S.S – No one wants to talk about cancer
C.S – Showing public support in a fun, non-invasive way
2) Oreo “You Can Still Dunk in the Dark”
Oreo made light of a sticky situation at this years Super Bowl in New Orleans when the stadium was hit by a blackout. The companies social media team hit Twitter to produce an image of an Oreo light up in a dark space, with the phrase “Power out, No problem”.
The tweet was an instant hit, with over 15,000 retweets within the first 14 hours of it’s release. Other brands followed suit including Calvin Klein, Volkswagen and Tide detergent. However, they didn’t get the same viral response due to the lack of urgency in delivering the ad. Riding the wave of a crisis (where everybody has already expressed interest on social media) can be a brilliant way to make light of a sticky situation.
S.S – Power out
C.S – A fast response gets the message across
However, do be careful when doing this. Assess the crisis you’re dealing with and recognise that a quick quip in some circumstances might actually backfire. A recent example of this was American Apparel who offered a 20% discount online to certain areas hit by hurricane Sandy whilst the victims of the storm were stuck indoors.
3) Reprieve “It Wasn’t Me”
Human rights charity Reprieve teamed up with Lush Soaps and creative digital agency Don’t Panic London to produce a short parody mocking US President Barack Obama’s denial of the use of drones on innocent civilians in the middle East. The message here is incredibly important – according to Don’t Panic London, 4,700 people from Yemen, Somalia and Pakistan have been executed without trial using drones – and yet, hardly anybody is aware of this.
Instead of targeting an audience that may already have an interest in politics, Don’t Panic London focused the parody on a younger generation, who have come to idolise the President for his celebrity fame and affiliation with other celebrities rather than his political ability to lead America.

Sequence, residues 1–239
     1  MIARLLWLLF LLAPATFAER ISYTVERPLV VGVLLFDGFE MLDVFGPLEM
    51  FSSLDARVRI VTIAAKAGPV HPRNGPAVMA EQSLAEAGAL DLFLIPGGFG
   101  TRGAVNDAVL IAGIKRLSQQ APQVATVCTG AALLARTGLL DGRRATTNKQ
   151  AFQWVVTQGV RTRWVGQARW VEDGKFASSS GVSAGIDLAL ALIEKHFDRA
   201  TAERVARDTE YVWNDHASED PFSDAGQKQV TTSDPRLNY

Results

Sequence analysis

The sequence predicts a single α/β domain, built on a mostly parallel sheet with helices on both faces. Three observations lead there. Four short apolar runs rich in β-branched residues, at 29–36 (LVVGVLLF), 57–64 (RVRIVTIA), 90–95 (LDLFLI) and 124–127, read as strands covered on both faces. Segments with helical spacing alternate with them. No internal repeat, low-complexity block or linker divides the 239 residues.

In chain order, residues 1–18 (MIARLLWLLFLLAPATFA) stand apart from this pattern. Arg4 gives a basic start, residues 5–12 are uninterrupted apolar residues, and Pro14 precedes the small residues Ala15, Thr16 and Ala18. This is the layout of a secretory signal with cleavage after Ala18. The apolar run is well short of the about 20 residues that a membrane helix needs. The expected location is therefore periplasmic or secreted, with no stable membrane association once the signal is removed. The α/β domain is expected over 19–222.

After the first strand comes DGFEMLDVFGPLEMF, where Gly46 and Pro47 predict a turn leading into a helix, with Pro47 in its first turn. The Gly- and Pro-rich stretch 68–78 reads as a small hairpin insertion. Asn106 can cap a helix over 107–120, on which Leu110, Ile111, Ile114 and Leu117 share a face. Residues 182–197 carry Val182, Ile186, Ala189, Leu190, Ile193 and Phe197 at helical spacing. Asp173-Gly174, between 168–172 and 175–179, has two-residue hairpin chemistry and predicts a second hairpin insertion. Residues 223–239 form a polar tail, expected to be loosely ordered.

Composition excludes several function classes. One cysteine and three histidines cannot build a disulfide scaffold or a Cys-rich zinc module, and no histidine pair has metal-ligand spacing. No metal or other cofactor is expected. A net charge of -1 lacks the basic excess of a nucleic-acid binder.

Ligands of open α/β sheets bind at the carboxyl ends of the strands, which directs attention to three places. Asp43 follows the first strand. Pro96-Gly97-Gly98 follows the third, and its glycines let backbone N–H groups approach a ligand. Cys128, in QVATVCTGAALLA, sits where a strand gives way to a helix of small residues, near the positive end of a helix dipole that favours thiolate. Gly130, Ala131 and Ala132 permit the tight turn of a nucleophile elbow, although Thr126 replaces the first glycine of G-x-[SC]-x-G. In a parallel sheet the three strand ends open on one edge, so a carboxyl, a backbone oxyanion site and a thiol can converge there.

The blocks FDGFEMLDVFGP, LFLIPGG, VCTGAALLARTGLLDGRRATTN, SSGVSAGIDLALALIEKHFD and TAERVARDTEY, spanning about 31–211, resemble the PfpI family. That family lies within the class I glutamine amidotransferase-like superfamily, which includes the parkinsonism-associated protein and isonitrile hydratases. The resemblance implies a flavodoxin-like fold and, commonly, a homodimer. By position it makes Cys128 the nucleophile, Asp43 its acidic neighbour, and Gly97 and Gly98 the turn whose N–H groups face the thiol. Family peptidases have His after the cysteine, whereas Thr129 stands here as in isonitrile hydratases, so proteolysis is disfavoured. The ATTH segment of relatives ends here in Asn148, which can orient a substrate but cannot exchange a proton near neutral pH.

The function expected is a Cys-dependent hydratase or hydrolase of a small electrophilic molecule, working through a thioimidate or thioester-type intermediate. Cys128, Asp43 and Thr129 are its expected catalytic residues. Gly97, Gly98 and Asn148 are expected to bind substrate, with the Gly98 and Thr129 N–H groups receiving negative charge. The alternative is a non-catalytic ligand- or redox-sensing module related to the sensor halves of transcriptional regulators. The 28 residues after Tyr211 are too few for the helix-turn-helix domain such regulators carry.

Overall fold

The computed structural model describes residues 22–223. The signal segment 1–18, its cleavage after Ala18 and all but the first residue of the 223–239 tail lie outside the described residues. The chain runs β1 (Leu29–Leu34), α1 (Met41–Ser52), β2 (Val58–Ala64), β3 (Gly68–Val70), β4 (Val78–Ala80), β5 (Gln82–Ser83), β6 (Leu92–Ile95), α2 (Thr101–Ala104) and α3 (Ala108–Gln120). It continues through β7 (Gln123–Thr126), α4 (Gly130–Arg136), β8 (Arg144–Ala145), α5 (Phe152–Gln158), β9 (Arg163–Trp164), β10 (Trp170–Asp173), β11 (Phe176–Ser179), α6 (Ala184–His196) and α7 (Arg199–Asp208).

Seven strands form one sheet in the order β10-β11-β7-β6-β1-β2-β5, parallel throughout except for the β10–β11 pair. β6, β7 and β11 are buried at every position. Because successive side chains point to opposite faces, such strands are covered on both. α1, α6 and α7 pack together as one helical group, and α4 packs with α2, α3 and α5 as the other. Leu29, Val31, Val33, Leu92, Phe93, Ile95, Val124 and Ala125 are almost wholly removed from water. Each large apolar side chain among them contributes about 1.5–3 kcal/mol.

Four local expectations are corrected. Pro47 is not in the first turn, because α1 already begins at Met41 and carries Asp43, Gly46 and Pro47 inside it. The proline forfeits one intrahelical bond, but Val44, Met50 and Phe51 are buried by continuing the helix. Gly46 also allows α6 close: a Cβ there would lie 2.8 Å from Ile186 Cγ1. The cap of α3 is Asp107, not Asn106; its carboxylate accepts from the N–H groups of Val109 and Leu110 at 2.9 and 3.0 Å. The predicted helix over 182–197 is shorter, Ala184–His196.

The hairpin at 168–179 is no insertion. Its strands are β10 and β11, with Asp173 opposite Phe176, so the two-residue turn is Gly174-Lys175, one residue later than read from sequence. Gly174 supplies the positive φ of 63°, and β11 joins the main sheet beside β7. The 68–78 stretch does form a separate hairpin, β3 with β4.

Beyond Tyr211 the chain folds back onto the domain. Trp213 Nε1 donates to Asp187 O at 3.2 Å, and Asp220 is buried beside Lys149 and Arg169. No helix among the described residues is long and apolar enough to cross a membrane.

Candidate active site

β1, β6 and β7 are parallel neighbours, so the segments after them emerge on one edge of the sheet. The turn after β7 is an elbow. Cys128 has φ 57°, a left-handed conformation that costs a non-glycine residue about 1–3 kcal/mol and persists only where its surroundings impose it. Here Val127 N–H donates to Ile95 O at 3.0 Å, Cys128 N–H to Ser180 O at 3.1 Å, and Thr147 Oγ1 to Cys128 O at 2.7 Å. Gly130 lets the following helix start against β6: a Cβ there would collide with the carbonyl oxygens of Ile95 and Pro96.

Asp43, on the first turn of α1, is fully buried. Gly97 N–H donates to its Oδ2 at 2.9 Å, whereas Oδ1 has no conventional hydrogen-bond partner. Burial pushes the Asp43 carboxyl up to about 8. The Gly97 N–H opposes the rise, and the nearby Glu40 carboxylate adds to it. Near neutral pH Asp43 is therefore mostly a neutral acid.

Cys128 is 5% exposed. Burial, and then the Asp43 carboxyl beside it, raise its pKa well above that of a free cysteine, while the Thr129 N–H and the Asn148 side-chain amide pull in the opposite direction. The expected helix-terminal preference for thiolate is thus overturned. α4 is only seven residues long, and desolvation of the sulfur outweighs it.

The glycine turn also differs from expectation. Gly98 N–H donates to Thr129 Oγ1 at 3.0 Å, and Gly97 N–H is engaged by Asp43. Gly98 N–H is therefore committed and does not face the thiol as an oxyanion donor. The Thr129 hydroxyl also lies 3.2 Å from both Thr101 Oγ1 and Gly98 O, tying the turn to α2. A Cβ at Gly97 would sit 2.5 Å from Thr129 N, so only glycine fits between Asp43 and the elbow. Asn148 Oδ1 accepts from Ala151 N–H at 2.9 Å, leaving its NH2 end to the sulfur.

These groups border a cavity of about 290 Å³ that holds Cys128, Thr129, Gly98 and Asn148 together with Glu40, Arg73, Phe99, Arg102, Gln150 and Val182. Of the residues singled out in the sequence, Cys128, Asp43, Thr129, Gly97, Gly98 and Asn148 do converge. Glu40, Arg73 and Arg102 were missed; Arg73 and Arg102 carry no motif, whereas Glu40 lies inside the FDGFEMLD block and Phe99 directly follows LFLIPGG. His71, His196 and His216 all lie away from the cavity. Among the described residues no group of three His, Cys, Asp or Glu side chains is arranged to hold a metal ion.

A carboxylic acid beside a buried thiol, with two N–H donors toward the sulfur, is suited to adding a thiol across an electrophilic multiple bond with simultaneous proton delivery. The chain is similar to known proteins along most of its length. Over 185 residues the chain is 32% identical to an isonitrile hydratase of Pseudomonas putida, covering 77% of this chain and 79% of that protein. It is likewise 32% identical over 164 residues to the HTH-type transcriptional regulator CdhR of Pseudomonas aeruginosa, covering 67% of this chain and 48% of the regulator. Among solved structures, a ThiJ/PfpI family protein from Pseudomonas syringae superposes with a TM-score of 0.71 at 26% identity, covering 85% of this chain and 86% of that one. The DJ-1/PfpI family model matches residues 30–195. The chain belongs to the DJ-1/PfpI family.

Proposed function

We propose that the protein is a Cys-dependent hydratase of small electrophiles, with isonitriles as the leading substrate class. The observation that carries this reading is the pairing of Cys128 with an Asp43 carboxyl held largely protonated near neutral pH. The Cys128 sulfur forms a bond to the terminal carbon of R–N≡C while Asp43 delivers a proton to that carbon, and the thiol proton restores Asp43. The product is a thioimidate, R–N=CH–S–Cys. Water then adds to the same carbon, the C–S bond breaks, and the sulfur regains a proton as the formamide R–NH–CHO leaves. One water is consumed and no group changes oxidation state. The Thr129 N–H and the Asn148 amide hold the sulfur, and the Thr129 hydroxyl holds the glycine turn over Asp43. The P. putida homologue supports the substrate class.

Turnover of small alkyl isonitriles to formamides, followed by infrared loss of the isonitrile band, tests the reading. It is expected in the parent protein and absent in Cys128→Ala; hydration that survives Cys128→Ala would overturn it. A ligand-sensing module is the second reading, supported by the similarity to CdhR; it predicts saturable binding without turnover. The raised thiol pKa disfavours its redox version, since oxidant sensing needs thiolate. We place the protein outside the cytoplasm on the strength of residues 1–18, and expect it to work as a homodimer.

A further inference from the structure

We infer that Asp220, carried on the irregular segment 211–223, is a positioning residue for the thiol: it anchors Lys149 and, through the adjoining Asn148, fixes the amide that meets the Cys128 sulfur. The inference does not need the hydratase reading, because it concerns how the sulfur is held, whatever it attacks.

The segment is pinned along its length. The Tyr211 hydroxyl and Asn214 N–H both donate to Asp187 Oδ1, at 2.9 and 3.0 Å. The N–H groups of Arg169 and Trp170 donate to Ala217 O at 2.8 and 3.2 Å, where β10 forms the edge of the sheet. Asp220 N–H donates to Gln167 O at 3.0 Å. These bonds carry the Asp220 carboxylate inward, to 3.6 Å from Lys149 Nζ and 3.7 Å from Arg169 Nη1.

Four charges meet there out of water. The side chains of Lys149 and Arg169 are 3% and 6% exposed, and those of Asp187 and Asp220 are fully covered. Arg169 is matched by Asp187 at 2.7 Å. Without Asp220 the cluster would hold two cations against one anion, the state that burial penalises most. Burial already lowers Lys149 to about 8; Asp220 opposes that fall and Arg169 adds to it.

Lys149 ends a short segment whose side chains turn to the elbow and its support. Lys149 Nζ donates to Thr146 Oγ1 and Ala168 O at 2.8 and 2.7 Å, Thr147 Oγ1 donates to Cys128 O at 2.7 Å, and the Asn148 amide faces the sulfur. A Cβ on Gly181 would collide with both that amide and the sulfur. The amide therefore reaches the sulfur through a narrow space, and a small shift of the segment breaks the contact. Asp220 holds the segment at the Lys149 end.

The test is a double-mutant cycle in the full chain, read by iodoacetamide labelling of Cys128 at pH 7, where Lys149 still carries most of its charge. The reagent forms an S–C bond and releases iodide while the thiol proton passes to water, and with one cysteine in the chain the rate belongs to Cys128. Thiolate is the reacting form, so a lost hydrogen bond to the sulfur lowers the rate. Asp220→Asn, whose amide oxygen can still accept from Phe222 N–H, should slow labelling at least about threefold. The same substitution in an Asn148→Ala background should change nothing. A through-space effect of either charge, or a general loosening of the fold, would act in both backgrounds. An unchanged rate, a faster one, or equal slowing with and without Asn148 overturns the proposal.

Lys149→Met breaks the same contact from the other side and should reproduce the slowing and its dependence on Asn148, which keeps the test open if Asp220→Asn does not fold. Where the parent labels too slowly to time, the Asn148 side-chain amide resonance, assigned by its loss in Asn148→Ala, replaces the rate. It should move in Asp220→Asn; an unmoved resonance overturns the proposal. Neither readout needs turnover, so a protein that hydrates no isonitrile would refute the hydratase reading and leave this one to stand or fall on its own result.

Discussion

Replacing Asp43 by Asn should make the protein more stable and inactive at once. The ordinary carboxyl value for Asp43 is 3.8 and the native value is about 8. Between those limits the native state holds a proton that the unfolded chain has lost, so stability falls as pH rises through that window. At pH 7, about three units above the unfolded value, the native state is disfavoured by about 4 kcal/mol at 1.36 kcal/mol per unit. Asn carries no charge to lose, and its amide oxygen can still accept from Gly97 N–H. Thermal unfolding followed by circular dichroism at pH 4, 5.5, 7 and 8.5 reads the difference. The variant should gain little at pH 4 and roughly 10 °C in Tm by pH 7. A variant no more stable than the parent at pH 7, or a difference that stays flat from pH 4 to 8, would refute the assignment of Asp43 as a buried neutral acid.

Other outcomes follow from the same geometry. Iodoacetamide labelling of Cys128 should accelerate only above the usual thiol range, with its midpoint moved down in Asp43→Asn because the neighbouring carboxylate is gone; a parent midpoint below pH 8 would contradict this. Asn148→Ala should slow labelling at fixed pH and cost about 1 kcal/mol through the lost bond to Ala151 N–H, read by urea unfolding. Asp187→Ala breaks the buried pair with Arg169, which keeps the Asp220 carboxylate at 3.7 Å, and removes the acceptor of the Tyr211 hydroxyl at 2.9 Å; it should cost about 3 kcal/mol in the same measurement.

Followed by a Twitter and Facebook push, this was a brilliantly targeted campaign reaching a young audience and trying to communicate the need for change.
S.S – Obama is untouchable and people don’t want to attack him
C.S – Create a parody
So, next time you need to make light of a sticky situation, target your audience effectively, act quickly and create a strong message to get people talking.
Claremont offer training courses on crisis communications. If you want to know more, contact Simon Booth-Lucking on 07773 firstname.lastname@example.org
I had the immense privilege of mentoring WordPress at Campaign Bootcamp – a five day residential training session for Britain’s most talented young campaigners, and I wanted to share a few thoughts about my experience.
At first, I have to admit, the idea seemed completely bonkers. Thirty young campaigners – the UK’s most promising – holed up in a conference centre for a week, without much sleep, gathering knowledge it took most of us years to accumulate.
Even as a big admirer of the “crash course” approach, I was sceptical. The sheer depth and breadth of the course was astonishing. Campaign strategy, social, SEO, crisis management – there was even a session on relational databases! How much information can one person take in without sleep?
I pitched up on the day I was mentoring not knowing what I would find. Lots of clapping and cheering. An abundance of coffee cups (and indeed, flasks). The sense of organised chaos. A lot of tired-looking young people. It was only day two – how would the band of campaigners bear up?
As the sessions continued, I saw people grow. First lines of HTML were coded – “I made it bold!”. Putative WordPress websites were created by people with no knowledge of the platform mere hours earlier. I began to field questions about optimising the landing pages. I saw quiet people becoming confident.
And then we moved into a campaign scenario. The town of Fakefordshire and the battle to stop the privatisation of the police force came alive. I could see eyes light up and people coming into their element. Suddenly everything became very task focused. Labour was divided quickly and efficiently. My mentoring became minimal prodding toward a conclusion.
And the warmth in the room! The energy! The passion! The glue of any campaign – the camaraderie – had somehow been recreated. No-one gave a second thought to the fact that it was nearing midnight. Still less that the next day would begin at 7. There was a campaign on.
Simon and myself went along to the closing party, which we at Claremont sponsored. One speech spoke of how they felt the Bootcamp had given them the confidence to go out into the world and change the world. A generation often buffeted by events took control. Another Bootcamp was demanded – by the participants themselves.
I said at the time it was the “best thing I had done all year” – perhaps a brave thing to say during your bi-annual appraisal, but heartfelt nonetheless.
The only question now – how can it be topped next year? I don’t know, but I’m sure Kat, Johnny, Casper, Tom and the crew have a plan…